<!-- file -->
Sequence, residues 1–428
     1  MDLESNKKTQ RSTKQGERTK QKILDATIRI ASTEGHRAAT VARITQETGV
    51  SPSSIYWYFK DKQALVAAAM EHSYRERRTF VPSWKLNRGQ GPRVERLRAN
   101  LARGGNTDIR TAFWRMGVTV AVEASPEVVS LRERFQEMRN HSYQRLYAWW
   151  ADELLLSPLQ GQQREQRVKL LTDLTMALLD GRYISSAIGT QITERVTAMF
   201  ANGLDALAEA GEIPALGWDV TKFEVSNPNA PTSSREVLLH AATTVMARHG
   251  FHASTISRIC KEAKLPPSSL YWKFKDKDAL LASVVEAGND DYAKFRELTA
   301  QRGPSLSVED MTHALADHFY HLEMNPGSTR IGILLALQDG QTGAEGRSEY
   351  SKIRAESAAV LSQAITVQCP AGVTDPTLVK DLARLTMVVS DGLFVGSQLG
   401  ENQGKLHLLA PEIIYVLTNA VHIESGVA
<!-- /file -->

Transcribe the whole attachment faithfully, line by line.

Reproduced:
Sequence, residues 1–428
     1  MDLESNKKTQ RSTKQGERTK QKILDATIRI ASTEGHRAAT VARITQETGV
    51  SPSSIYWYFK DKQALVAAAM EHSYRERRTF VPSWKLNRGQ GPRVERLRAN
   101  LARGGNTDIR TAFWRMGVTV AVEASPEVVS LRERFQEMRN HSYQRLYAWW
   151  ADELLLSPLQ GQQREQRVKL LTDLTMALLD GRYISSAIGT QITERVTAMF
   201  ANGLDALAEA GEIPALGWDV TKFEVSNPNA PTSSREVLLH AATTVMARHG
   251  FHASTISRIC KEAKLPPSSL YWKFKDKDAL LASVVEAGND DYAKFRELTA
   301  QRGPSLSVED MTHALADHFY HLEMNPGSTR IGILLALQDG QTGAEGRSEY
   351  SKIRAESAAV LSQAITVQCP AGVTDPTLVK DLARLTMVVS DGLFVGSQLG
   401  ENQGKLHLLA PEIIYVLTNA VHIESGVA